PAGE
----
Creating the Facelets Application

The input.xhtml page has an input field for a SQL query and a Submit button to submit the SQL query. The output.xhtml Facelets page consists of a JSF DataTable generated from the SQL query specified in input.xhtml.

  1. To create an application, select File>New in Oracle JDeveloper.
  2. In New Gallery, select General>Applications in Categories and Java EE Web Application in Items, and click OK.
    Note: You can use another application template, such as the Fusion Web Application if an Oracle Application Development Framework (Oracle ADF) application is to be developed.
  3. For the ViewController project, select JavaServer Faces in Project Features, as shown in Figure 1.
Figure 1. Selecting JavaServer Faces

Figure 1. Selecting JavaServer Faces

As shown in Figure 2, in Project Properties for the ViewController project, the JSF 2.0 library and the JavaServer Pages Standard Tag Library (JSTL) 1.2 library should be listed, because we selected JSF project features when creating the Java EE Web application.

Figure 2. JSF and JSTL Libraries

  1. Because we are using the default view definition language in JSF 2.0 (Facelets), create .xhtml pages for the JSF pages:
    1. Select the ViewController project in Application Navigator.
    2. In the New Gallery, select Categories>Web Tier>HTML and Items>HTML Page.
    3. Select Create as XML file, specify a file name (input.xhtml), and click OK, as shown in Figure 3

Figure 3. Creating .xhtml Pages

  1. Similarly, add the output.xhtml and error.xhtml Facelets pages.

Creating a Managed Bean

  1. For the JSF pages, create a managed bean, which is just a POJO annotated with the @ManagedBean annotation:
    1. Right-click faces-config.xml, which is just an empty file for JSF 2.0, and select Open.
    2. Select the Overview tab and select the Managed Beans node.
    3. Click Add to add a new managed bean.
    4. In the Create Managed Bean dialog box, specify catalog for Bean Name, specify Catalog for Class Name, specify view for Package, specify request for Scope, select the Annotations option, and click OK.
    A managed bean class, Catalog.java (downloadable zip), gets added to the ResourceHandler application.
  2. In the managed bean, specify the following JavaBean properties: inputText1, resultSet, and sqlQuery.
    private ResultSet resultSet;
    private HtmlInputText inputText1;
    private String sqlQuery;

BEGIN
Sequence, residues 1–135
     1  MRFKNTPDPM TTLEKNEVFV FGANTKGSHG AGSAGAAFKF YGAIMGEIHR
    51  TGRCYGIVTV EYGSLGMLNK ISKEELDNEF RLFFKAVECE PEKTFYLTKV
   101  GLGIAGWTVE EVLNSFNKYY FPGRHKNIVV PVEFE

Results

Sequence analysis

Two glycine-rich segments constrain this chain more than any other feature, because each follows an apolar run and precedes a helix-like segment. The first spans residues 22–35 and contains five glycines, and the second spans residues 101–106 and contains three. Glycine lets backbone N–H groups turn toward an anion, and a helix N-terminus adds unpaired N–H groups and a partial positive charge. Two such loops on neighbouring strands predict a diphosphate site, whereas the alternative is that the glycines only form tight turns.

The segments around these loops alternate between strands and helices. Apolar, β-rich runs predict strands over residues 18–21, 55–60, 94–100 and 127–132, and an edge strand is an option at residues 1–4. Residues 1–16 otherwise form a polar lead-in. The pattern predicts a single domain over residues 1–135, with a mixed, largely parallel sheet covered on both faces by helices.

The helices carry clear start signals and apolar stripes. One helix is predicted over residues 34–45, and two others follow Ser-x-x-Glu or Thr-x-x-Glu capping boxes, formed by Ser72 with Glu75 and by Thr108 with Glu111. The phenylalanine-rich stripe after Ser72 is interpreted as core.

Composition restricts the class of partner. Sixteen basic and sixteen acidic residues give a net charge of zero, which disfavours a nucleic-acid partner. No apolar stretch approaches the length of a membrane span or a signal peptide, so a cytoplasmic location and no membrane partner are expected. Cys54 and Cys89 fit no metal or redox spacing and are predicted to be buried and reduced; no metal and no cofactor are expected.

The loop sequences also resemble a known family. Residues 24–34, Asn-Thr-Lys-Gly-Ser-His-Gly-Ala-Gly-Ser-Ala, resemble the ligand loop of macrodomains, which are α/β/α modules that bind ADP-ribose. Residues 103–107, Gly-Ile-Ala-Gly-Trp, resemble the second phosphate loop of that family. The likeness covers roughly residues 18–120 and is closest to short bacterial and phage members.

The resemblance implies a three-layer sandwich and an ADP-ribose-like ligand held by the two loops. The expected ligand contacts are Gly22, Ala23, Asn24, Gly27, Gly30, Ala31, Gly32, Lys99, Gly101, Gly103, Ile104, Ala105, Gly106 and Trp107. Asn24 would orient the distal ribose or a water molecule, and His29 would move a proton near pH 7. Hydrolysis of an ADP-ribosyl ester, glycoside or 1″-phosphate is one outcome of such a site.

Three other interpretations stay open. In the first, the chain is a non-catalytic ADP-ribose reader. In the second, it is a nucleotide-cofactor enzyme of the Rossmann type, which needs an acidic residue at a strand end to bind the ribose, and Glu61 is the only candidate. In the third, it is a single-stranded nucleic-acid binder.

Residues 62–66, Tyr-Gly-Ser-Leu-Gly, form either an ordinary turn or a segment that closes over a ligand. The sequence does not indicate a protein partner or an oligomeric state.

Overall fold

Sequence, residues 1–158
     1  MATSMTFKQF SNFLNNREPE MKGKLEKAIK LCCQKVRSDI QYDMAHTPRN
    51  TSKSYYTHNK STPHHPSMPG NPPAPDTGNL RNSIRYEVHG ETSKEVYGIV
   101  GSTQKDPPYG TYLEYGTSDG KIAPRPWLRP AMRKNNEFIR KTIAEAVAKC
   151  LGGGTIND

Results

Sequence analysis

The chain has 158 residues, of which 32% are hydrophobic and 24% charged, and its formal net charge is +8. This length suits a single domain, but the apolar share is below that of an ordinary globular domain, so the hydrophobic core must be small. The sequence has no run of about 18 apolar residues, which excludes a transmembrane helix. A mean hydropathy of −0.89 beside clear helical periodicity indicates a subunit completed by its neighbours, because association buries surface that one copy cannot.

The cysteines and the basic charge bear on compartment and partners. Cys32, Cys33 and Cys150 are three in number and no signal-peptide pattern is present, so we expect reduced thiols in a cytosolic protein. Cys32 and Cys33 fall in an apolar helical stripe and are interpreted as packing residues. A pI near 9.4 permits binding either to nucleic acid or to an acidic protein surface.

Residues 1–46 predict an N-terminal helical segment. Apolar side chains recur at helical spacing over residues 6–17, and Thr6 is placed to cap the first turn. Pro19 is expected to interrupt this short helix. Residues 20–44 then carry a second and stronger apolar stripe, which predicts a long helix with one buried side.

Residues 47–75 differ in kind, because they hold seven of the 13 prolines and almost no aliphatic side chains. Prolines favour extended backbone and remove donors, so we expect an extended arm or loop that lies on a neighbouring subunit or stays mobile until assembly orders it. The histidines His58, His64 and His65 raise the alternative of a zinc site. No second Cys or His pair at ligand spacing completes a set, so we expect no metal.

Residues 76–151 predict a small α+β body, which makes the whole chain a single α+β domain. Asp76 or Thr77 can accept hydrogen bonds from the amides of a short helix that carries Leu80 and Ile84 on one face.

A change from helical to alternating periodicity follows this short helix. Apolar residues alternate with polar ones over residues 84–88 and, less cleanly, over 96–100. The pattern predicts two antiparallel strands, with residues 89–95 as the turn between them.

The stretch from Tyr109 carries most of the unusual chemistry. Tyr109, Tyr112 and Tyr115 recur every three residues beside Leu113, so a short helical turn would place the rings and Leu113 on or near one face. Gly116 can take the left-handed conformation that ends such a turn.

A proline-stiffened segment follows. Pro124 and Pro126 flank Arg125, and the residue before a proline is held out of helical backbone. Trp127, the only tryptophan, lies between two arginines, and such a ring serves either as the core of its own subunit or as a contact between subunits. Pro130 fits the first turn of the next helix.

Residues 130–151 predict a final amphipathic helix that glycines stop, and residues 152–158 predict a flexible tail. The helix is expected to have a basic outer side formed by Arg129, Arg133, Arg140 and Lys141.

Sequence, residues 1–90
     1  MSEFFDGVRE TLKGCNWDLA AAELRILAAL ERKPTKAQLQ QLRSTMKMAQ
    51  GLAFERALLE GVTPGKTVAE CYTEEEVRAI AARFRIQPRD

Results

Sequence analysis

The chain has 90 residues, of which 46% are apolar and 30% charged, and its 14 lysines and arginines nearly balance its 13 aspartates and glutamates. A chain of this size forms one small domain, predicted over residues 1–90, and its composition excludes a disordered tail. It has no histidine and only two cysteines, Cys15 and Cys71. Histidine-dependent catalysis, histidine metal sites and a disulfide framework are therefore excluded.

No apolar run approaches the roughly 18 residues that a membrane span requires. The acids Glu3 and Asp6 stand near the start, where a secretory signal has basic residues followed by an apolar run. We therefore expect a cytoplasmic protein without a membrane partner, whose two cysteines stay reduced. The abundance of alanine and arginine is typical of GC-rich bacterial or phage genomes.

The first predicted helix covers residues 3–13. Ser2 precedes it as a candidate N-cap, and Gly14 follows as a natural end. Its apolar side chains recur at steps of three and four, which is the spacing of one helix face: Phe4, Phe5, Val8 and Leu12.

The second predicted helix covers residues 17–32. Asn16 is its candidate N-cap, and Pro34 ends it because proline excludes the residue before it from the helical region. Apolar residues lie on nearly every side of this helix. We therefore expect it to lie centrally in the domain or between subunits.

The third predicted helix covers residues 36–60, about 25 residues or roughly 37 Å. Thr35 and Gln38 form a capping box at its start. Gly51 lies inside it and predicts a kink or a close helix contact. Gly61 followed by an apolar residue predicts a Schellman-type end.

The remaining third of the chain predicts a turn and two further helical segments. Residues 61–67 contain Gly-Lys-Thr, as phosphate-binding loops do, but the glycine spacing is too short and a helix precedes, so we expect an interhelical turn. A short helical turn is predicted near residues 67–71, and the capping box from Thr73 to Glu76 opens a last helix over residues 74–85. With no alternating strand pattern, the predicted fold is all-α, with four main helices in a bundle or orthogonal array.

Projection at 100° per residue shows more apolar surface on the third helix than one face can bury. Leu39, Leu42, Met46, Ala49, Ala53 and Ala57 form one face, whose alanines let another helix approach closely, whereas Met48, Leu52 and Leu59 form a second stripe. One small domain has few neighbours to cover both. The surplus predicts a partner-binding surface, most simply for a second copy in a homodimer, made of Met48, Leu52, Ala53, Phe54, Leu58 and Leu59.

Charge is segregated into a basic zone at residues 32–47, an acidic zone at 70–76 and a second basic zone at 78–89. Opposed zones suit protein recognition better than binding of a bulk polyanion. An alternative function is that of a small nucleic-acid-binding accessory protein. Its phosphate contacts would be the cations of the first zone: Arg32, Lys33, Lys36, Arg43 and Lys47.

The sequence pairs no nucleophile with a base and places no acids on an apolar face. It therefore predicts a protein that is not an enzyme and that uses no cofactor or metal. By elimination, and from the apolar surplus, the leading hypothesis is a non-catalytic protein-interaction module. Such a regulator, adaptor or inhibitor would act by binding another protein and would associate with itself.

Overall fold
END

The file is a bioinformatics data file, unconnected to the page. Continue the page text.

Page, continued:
3. Add accessor methods for the managed bean properties.
  4. Add an action method, commandButton_action.
    In the action method, the SQL query specified in the input text field is retrieved and run in the Oracle Database to generate a ResultSet, whose value is set on the resultSet managed bean property. The resultSet property has a value binding with the data table in the Facelets pages. The managed bean class includes a createSQLQuery method, which we shall use in a variation of the Facelets application.

We have used implicit navigation to navigate to output.xhtml if a data table gets generated and to navigate to error.xhtml if an error is generated. Implicit navigation is implemented if a navigation rule or navigation case is not specified for an action or outcome from a JSF page. Implicit navigation is implemented from the following outcome values:

  • The return value of an action method
  • The action attribute of a UICommand component, such as h:commandButton or h:commandLink
  • The outcome attribute of a UIOutcomeTarget component, such as h:link or h:button
  • The handleNavigation() method of the NavigationHandler API

Implicit navigation implies navigation to a Facelets page (view ID) by the same name as the outcome using the same extension as the extension of the current view id if an extension is not specified in the outcome.

For example, for an outcome value of output, the navigation handler navigates to output.xhtml if the Facelets page output.xhtml is provided in the same directory as the Facelets page from which a request is initiated. For a request from a view ID with an .xhtml extension, the outcome from an action method can be specified as output, output.xhtml, or /output.xhtml. Or, if output.xhtml is in the /output folder, the outcome can be specified as /output/output.xhtml or /output/output for implicit navigation to output.xhtml.